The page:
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Wow great article, thanks for describing (and visually showing) us the iterative process of creating this game. Love the art style, I'm definitely going to have to buy a copy of this game, even if my main point to do so is just enjoying the great art!

robert toone
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Excellent article. I really enjoyed experiencing the experimental development of the art style, for such an art style game. The game looks great and goes along with it's play style.



I look forward to such articles in the future.

Tom Newman
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Great article! Looking forward to any future articles laid out like this!

Gopalakrishna Palem
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Good Article, great principles.



Ensuring aesthetics do not dominate the player's perception of the world, highlights the game design philosophy.



Would love to play this one.

Rikard Peterson
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This article was a bit different than most. Love it!

Jeff Zugale
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This is good stuff, both the artwork and the complex thought process and care behind it. I'll be buying and playing this game to see the rest of it. Thanks for sharing!

Anders Hojsted
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It's interesting how he can tell about these things because he isn't bound by an NDA. There's too little knowledge-sharing like this in the games industry because of all the secrecy.



A.

Christopher Waite
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That was a really insightful article. Actually, it's convinced me to purchase the full game. The effort and passion that has gone into the various iterations of the design, really makes you feel that you are playing something special.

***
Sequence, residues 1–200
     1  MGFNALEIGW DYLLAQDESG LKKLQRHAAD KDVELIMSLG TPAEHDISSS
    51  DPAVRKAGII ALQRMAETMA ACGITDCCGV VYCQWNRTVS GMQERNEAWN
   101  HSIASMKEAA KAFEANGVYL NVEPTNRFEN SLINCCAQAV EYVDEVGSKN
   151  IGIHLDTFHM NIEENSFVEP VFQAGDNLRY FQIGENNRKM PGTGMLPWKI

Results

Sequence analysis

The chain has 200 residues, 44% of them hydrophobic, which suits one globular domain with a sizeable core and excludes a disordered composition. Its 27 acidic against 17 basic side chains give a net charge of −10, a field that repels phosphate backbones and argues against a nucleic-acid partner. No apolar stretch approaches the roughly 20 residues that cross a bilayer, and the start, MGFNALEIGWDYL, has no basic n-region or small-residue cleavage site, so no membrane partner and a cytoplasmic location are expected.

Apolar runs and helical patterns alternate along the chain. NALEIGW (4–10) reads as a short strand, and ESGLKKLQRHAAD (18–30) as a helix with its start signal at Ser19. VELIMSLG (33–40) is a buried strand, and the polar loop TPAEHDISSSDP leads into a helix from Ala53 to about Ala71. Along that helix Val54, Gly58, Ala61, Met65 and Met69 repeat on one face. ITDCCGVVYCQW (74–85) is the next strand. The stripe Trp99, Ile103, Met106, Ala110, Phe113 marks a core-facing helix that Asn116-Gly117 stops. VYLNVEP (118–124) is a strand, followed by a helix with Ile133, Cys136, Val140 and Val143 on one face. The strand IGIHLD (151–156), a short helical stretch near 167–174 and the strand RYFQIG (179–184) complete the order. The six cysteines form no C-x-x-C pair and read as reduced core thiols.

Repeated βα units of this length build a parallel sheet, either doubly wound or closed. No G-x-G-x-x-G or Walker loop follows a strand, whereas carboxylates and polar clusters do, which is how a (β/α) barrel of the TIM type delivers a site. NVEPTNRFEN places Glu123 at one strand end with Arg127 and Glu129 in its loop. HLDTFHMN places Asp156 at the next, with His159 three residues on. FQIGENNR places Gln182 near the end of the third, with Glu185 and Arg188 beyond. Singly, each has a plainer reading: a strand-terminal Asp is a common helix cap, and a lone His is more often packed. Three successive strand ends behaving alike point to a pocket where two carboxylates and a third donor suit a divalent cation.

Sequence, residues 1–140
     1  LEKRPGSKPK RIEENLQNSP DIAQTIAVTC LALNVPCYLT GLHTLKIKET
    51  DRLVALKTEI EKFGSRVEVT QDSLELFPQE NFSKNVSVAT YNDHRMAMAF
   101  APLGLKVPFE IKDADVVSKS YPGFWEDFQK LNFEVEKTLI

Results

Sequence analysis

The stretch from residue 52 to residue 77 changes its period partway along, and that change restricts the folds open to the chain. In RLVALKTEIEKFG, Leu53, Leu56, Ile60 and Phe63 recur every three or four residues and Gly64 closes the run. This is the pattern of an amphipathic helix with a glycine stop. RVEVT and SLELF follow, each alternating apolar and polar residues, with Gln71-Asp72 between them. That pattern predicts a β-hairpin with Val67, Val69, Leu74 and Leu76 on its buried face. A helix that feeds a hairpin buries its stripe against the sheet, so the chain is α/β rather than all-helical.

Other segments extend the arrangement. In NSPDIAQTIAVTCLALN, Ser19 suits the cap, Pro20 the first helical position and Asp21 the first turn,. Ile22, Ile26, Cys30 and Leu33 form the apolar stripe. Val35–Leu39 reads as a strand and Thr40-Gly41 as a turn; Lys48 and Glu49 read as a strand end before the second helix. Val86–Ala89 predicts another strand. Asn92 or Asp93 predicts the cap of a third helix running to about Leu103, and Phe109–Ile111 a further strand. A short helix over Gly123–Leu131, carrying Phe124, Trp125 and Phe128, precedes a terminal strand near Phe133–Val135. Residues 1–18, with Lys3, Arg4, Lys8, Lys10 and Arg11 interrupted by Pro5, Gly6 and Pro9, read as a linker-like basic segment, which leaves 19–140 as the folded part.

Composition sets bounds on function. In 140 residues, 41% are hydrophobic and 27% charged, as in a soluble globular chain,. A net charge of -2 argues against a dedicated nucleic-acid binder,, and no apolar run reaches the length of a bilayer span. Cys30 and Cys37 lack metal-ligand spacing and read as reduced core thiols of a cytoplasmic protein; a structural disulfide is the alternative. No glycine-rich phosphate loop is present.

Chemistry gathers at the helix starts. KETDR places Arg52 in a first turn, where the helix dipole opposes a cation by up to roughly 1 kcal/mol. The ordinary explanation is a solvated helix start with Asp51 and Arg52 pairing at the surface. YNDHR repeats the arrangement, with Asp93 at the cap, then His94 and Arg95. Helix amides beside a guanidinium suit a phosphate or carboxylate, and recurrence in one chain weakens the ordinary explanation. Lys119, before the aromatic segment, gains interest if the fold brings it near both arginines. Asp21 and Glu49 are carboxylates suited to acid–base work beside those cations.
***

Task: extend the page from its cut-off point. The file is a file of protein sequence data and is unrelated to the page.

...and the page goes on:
Arthur Times
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This may seem like a dumb question but I'll ask it anyway.



What language did you program the game in. I know XNA Creators Club really focuses on C#, but does XBLA allow C++?



Thanks.

Anonymous
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Being a student of game animation and creation, I absolutely loved this article. Look forward to more like this. It was aa great teaching tool. I am going to put it on our forum in class. Thanks.

Jason Bakker
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Any aspiring game developers want to hazard a guess as to why, on the collision screenshot, there are two different tiles used? (The brick one, and the grey one.)

Aaron Murray
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Thanks for posting this article. As a dev, I love reading about how others attack the issues we face. At the same time, it is helpful for outsiders to see how much work goes into the finished product, and how beneficial constant iteration is...

Jason Bakker
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I guess not ;) If anyone is wondering, it's because in game engines you often flag wall and floor as different collision types, so that the engine knows to collide with each differently (walls tend to be a lot more "slippery" than floors).



If there were screenshots of, for instance, one of the spike floors in the game, that would probably be a different collision type again (so that the engine knows that when you collide with it, you're supposed to die).



The more you know!

Dax Hawkins
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Regarding Arther Times post above:



XBLA to some extent is language agnostic. Most of the games up there are C/C++ but there is one game in C# (Schizoid).



Xbox Live Community games, on the other hand, must be built with XNA Game Studio and written in C#.